Let's begin by noting that I was not a huge fan of the first book. I was intrigued enough by the rather devilish cliffhanger to eagerly await this seq..Show More »uel's release on Audible, and keep waiting an extra two weeks beyond its print release date I might add. And unfortunately, though perhaps not surprisingly, I was somewhat disappointed.
So here we are with the same characters and some new ones, trying to live through the aftermath of the EMPs and finding out things aren't what they seem. Some characters come more to the forefront, as Alex is no longer an exclusive point of view. Questions are answered with cryptic clues into a more complicated struggle that most certainly requires a serious accounting in the third installment. Along the way, you will meet new people friendly and not so much, and get glimpses at how other communities have dealt with the end of the world and hordes of savage children.
One of this series's strong points is that it gives you a bunch of characters with real flaws, and serious problems internal and external to overcome. The trouble is that it tends to dwell on these, and, aside from a few exceptions commented upon by the characters, our heroes don't seem to be learning from their mistakes. I love seeing the protagonists encountering new obstacles, being caught off guard by unforseen events and having to save themselves and each other through intelligent action. But when I am forced to listen to the same character barely make it through yet another similar scrape brought upon by their own lack of situational awareness, I can't really credit him/her for overcoming unexpected adversity anymore. There is also the fact that while this story has more action than its predecessor, it also consists of multiple POV characters going in circles, sometimes literally, often without much agency. I don't know, maybe that last part may make for an ideal young adult novel in retrospect, as these are books about children meant to be read by children, who are often deprived of the ability to make big picture decisions and just forced to make due with influencing their fates any way they can. The author is a child psychiatrist after all.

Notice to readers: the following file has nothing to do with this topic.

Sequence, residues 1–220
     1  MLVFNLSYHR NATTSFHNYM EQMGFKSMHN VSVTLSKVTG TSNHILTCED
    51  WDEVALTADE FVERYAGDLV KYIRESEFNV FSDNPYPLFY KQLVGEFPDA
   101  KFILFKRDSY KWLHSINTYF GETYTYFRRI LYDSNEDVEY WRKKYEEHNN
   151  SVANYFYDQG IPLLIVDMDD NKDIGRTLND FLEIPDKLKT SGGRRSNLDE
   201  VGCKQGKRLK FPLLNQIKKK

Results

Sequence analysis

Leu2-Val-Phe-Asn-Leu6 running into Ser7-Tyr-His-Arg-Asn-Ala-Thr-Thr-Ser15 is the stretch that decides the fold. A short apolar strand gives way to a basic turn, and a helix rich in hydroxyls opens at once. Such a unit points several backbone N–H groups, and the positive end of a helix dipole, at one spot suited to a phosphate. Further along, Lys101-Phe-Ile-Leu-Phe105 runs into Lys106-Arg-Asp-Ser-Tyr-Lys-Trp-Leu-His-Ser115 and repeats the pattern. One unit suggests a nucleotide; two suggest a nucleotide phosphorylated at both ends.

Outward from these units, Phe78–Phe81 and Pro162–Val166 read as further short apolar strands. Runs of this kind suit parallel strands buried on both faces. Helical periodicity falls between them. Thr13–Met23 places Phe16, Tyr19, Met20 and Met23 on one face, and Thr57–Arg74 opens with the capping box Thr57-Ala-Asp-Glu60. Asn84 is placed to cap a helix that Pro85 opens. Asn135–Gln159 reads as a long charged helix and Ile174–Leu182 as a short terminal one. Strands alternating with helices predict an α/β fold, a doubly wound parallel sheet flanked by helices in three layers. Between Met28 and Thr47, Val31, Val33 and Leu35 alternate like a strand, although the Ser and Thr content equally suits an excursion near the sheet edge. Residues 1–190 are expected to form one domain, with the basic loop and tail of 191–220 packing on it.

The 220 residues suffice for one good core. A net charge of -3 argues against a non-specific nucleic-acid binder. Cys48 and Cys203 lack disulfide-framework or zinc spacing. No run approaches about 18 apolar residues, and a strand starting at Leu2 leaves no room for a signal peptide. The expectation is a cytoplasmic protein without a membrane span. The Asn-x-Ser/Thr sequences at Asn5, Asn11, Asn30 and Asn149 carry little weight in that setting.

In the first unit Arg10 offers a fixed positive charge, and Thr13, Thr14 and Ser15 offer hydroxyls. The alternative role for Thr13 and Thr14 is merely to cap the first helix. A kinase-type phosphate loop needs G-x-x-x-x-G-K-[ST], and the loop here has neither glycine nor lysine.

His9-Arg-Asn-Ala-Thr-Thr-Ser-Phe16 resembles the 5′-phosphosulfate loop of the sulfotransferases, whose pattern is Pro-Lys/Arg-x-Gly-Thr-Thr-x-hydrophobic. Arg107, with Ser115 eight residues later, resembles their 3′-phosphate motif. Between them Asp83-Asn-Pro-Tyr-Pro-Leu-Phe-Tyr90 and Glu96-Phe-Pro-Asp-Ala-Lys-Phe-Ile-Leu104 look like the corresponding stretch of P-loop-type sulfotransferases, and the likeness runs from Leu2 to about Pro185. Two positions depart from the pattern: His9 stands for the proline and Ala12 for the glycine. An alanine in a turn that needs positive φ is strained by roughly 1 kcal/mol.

If you had trouble with the gore in the first book, expect even more this time around. If you liked Katherine Kellgren's performance last time , you'll be happy with it again; if you didn't, you'll despise this book, with its whimpers, screams, and other emotional accents.
All in all, I guess I can't say I was excessively disappointed, but I was left wanting something, more. And yes, even though we're not left with a huge shocker in the last few minutes like last time, I think I will pick up the last one, just to see what happens.